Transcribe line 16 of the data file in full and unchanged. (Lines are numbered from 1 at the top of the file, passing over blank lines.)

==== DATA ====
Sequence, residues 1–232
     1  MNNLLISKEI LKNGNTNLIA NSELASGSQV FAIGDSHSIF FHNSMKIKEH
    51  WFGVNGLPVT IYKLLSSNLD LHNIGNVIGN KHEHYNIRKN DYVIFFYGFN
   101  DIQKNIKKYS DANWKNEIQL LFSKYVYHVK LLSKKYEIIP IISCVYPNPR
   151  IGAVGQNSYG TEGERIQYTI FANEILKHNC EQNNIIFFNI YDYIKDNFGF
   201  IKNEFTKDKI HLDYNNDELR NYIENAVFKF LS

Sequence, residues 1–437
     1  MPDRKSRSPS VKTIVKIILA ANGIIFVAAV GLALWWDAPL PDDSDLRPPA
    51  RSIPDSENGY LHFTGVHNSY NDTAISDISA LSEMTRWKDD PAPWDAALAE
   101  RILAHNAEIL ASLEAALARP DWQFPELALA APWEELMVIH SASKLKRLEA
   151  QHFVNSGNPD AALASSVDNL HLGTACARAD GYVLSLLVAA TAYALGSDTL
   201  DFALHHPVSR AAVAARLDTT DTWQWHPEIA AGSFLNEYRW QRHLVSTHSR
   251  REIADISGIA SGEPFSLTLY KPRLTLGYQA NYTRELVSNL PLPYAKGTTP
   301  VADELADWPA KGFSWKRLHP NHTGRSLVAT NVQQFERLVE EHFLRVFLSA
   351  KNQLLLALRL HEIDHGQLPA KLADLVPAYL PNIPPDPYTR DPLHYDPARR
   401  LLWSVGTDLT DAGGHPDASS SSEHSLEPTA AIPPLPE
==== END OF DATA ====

   401  LLWSVGTDLT DAGGHPDASS SSEHSLEPTA AIPPLPE